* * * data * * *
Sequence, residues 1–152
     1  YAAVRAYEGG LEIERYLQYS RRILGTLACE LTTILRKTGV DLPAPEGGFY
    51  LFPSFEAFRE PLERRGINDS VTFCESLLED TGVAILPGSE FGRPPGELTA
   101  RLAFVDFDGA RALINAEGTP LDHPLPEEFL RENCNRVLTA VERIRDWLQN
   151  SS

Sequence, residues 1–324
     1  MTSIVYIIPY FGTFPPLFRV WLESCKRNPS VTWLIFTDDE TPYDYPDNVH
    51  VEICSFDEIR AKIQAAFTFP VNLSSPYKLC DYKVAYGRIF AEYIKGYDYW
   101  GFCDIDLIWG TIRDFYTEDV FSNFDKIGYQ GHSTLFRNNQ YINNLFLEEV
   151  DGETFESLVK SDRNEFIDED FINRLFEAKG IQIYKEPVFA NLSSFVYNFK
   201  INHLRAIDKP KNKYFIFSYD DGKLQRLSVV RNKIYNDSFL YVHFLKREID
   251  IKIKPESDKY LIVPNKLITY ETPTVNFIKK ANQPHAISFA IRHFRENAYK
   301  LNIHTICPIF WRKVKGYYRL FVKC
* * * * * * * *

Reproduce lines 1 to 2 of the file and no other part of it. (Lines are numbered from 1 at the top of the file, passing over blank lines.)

Sequence, residues 1–152
     1  YAAVRAYEGG LEIERYLQYS RRILGTLACE LTTILRKTGV DLPAPEGGFY